What were the relationships between Popes John XXII, Paul VI, John Paul II and Opus Dei?
The relationships between Opus Dei and the above-mentioned Popes were close and deep. Naturally, we should also mention Pius XII, John Paul I and Benedict XVI. As for John Paul II, I can say that he was like a father to Opus Dei. He was the Pope who established Opus Dei as a personal prelature in 1982, after years of preparation, beginning at the time of the Second Vatican Council and carried on simultaneously with the preparation of the new Code of Canon Law. It was also John Paul II who canonized St. Josemaría in 2002, calling him “the saint of daily life.” One particular gesture of John Paul II made a deep impression on me: at the death of my predecessor, Bishop Álvaro del Portillo, he came personally to the church of the Prelature to pray before the remains of the deceased. Earlier, in 1984, John Paul II had given Don Álvaro a copy of the image of Our Lady of Czestochowa. Today this image ocupies a place of honour in the curia of the prelature in Rome. Every time I see the icon I feel united with all Catholics in Poland. It also remineds me of my numerous pilgrimages to Czestochowa. The first one was with Bishop del Portillo in 1979 and the last one I made, as the prelate of Opus Dei, was on the feast of Our Lady of Jasna Gora, August 26, 2005. I am convinced that John Paul II has given a lot to the world and to the Church. Without any doubt, he gave a lot to Opus Dei, thanks to his spiritual fatherhood.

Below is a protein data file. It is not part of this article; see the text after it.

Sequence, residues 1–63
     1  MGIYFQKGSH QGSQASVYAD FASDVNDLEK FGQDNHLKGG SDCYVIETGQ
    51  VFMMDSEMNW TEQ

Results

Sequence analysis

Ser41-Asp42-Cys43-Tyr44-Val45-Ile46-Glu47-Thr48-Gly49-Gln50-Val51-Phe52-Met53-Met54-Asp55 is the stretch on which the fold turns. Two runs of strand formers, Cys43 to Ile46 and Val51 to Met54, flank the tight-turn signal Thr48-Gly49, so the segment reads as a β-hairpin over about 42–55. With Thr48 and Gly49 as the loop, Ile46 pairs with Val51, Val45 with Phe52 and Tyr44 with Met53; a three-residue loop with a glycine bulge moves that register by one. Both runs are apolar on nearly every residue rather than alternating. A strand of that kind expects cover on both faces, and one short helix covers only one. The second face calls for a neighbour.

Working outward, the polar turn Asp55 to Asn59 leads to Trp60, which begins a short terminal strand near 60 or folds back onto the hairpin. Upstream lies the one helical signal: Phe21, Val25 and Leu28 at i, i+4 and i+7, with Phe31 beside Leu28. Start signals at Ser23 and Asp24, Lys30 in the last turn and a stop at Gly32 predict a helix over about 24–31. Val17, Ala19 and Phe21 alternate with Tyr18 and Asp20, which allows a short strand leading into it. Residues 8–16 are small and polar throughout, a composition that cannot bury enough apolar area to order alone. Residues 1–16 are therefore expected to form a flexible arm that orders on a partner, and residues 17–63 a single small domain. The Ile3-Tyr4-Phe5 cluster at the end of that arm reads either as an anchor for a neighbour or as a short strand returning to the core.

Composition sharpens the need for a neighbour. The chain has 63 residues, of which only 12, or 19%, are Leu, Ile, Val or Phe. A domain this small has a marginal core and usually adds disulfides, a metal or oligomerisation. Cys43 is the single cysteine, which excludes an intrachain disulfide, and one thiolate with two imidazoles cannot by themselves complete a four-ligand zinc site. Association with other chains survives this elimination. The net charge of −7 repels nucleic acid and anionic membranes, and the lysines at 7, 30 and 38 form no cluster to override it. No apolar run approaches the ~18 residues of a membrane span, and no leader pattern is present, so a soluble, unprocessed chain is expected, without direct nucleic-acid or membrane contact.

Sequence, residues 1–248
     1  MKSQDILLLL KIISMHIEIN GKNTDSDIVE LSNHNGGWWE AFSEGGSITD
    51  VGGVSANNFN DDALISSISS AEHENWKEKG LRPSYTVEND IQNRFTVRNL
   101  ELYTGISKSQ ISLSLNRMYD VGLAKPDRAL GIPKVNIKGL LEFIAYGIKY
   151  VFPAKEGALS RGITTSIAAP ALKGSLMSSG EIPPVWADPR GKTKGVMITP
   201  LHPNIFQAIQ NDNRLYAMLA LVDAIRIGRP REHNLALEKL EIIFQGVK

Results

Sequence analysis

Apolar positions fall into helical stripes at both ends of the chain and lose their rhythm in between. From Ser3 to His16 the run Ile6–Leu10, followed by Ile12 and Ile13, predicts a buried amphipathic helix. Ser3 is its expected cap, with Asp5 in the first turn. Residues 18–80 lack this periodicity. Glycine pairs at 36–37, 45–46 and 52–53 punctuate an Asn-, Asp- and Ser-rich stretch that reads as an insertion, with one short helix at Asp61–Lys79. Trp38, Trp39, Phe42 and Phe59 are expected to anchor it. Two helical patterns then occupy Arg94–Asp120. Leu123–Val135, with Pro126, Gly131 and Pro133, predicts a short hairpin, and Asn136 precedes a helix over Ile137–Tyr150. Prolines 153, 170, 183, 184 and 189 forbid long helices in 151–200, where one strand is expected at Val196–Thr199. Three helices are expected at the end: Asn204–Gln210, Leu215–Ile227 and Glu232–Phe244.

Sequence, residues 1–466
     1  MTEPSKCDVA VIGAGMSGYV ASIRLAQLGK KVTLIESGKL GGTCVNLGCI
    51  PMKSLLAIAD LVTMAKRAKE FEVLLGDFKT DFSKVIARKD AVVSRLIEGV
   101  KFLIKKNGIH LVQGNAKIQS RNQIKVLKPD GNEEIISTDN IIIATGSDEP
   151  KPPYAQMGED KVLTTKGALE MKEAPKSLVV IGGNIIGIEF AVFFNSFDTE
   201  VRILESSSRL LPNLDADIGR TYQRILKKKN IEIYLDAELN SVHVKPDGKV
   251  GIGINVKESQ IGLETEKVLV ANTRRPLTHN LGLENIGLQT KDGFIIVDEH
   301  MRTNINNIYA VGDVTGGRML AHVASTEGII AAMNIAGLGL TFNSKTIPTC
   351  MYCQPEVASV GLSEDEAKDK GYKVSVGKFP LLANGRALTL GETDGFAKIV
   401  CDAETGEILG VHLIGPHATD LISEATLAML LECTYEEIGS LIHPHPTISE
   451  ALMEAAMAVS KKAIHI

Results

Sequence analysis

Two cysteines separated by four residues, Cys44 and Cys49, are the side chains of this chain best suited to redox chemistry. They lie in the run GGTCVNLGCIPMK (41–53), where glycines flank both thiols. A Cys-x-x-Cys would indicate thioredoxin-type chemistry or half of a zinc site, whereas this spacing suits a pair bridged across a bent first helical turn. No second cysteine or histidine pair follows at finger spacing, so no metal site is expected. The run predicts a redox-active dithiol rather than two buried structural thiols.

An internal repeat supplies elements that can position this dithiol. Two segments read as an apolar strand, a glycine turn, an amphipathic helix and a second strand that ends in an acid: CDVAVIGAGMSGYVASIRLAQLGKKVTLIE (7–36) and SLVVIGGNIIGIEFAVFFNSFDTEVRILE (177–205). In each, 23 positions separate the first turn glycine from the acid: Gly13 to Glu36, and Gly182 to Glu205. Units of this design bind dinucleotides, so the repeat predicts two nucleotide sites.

Many people were surprised that the Prelature’s response to the slanders contained in Dan Brown’s book, while unequivocal, was also tempered: you did not initiate a lawsuit against him or seek any compensation. Why did the Prelature react in this way?
Bishop Javier Echevarría: I would like to point out the fact that the most unfortunate aspect of Brown’s book is not what he says about Opus Dei but the falsified image of Christ and his Church that he presents to his readers. Opus Dei, which is a part of the Church, is a young, vibrant and beautiful reality. A writer’s inventions can obscure this beauty, and this is sad. However, we realise that the beauty of the Church, which includes Opus Dei, is revealed in its fullness when we show the love of Christ and do not yield to hurt feelings. In this perspective love is the best way to present the figure of Jesus Christ and the reality of the Church. This is why our reaction, which was decisive but also courteous, was a manifestation of our sense of responsibility. Let us not forget that love is Christ’s commandment and in fact his most important commandment.
I’ll repeat once again: what is most painful about The Da Vinci Code is the way in which the author attempts to trivialize the Person of Christ. It is good to see that Pope Benedict XVI’s new book established, at the center of cultural dialogue, the historical reality—human and divine—of Jesus Christ. This is a wonderful occasion for Christians and all people to get to know Jesus and deepen their relationship with the Son of God who became man.
The 80th anniversary of Opus Dei falls next year. How are you preparing for this event?
Bishop Javier Echevarría: First of all, each of us is preparing for it through a personal conversion. We must ask ourselves before God: How are we serving the Church, the Pope and others?
As far as the Prelature is concerned it will be an opportunity to explain what Opus Dei is. Just now, as the 80th anniversary of Opus Dei draws near, Opus Dei is beginning its work in Russia, and soon we will also be present in Romania.
Romana, n. 45, July-December 2007, p. 283-285.